Discover more from Dub Nation HQ
Warriors Draft Pick Tournament Semifinals: #10 Devin Vassell vs #6 Onyeka Okongwu
Round Three, the choice for thee
Okay, welcome to the third round of the Warriors 2020 Draft Pick Tournament! I have added a few more scouting reports and comparisons since the first round.
I think this decision is going to be a real tough one, as both players have had massive support. Devin Vassell has made a cinderella run from the #10 seed. Will you support the 3-and-D wing Vassell? Or will you support the athletic defensive star big Okongwu?
Which of These Two Prospects Would You Rather The Warriors Draft?
We’ll present scouting reports, and you can vote at the end of this post. For details on how these prospects were selected and seeded, see the master tournament post.
Wizzy’s Comps: (per 40 similarity > 70) Zhaire Smith, DerMarr Johnson, Robert Woodard, Jason Richardson; (>66) Pat Connaughton, Kevin Porter Jr, Justin Anderson, Kevin Huerter, Xavier Henry
Wizzy’s Comps: (advanced similarity > 70) None. (>55) Zhaire Smith, Jeremy Lamb, Terrence Ross, Pat Connaughton, Reggie Bullock, Tyler Herro, Justin Anderson, Robert Woodard, Carrick Felix
NBADraftRoom Comp: Michael Redd, Kerry Kittles
(Graphic from Sports-Reference.com)
Vassell's numbers — 12.7 points and 5.1 rebounds per game — don't jump off the screen, but that has more to do with playing at Florida State than anything else. The Seminoles had four players who averaged between 9.2 points and 12.7 points. So Leonard Hamilton's team was balanced at the top, possibly to the detriment of Vassell.
On the heels of his full-blown emergence as Florida State’s best player... He fits the much-discussed three-and-D archetype as well as anyone can, and that comes with an extremely attractive floor attached.
Vassell is a wiry wing who can jump, and in his case, the 3-and-D isn’t some far-off theoretical construct. He shot 41.7 percent from 3 at Florida State and is equally potent off the catch or the dribble, with a high release and great elevation when he shoots off the bounce. Meanwhile, he was a consistent lock-down defender with long arms, good feet and quick reactions.
The star potential here isn’t nearly as high as some of the players above, but he comes in with a really high floor at a position and role where teams fling $10M a year deals at even mediocre alternatives. He could be a plug-and-play starter for a decade.
SHADES OF: Khris Middleton, Robert Covington, Matisse Thybulle
Elite team defender who will immediately help any NBA rotation. Never stops hustling. Even when a play seems over, he’ll fly out of nowhere for a chase-down block or last-second deflection.
Good spot-up shooter with a high release. Tightened his handle to become a potent shooter off the bounce. Displays high-level passing vision for a wing, though he’s not a primary ball handler.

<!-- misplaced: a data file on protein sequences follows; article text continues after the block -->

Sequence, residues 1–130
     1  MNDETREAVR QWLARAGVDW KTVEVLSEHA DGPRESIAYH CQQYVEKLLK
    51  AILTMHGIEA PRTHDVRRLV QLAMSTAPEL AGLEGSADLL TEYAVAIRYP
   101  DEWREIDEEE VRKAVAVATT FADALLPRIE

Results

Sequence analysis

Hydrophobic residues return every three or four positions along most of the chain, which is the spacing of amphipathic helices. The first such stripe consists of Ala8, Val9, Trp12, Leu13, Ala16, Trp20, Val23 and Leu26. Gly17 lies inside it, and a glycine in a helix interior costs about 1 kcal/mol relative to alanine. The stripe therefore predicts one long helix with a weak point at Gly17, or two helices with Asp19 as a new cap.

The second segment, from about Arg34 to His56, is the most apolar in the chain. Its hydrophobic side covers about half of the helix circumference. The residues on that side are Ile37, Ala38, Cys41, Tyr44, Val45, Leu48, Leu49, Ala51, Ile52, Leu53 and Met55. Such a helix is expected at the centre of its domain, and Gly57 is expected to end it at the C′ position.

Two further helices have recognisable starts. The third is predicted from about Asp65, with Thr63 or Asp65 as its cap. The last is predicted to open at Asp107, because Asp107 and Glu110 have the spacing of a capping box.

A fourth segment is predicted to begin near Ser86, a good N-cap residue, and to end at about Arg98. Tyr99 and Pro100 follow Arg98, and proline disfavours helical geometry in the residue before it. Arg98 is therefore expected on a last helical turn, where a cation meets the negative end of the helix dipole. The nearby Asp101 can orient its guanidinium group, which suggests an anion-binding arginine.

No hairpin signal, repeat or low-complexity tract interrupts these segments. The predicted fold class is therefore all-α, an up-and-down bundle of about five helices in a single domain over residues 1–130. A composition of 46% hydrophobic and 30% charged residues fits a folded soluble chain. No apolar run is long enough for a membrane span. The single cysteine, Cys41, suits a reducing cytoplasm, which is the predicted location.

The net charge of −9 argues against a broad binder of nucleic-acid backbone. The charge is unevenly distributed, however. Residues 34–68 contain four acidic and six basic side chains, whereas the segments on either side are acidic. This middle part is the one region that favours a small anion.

Lacks burst to beat defenders off the dribble, struggles to finish against contact. Wiry frame may limit his versatility against larger, stronger opponents.
He's an NBA-ready 3-and-D type wing who shot above 41% from 3-point range in each of his two college seasons, and he should be ready to step in and contribute defensively from Day One.
Playing for Leonard Hamilton, you can be sure he got plenty of reps switching defensively and guarding bigger and smaller players. He’s not much of a playmaker on the offensive end, and at 180 pounds, he definitely needs to add some weight to his frame.
He might be the best candidate in this draft class to help fill the defensive void the Warriors have felt since the loss of Andre Iguodala.
Per a league source, the Warriors like Vassell’s “3-and-D” potential enough that they’d consider taking him at the bottom of the top five — about a half-dozen spots above where he sits on most mock drafts. He also could be an option if Golden State decides to trade down to the mid-lottery.
He’s a terrific off-ball defender who racks of steals and even provides a bit of a presence as a weak-side shot-blocker. He’s really smart at contesting shots on-ball. And as an offensive player, Vassell averaged 13 points in a Florida State offense that spreads the wealth while shooting 41 percent from 3 and 49 percent from the field in general. He’s also a high-character kid that most teams trust to work on his game and keep improving. This wouldn’t exactly be a sexy pick. I think Vassell profiles best as a fifth starter on a good team who spaces the floor offensively and provides value on defense.
6. Onyeka Okongwu
Wizzy’s Comps: (per 40 similarity > 70) Stromile Swift, Anthony Davis, Isaiah Stewart, Rasheed Wallace, Derrick Favors, Bam Adebayo, Darrell Arthur, Brandan Wright, Chris Taft
Wizzy’s Comps: (advanced similarity > 70) Anthony Davis, Kenneth Faried, John Collins, Isaiah Stewart, Richaun Holmes
NBADraftRoom Comp: Bam, Tristan Thompson+
(Graphic from Sports-Reference.com)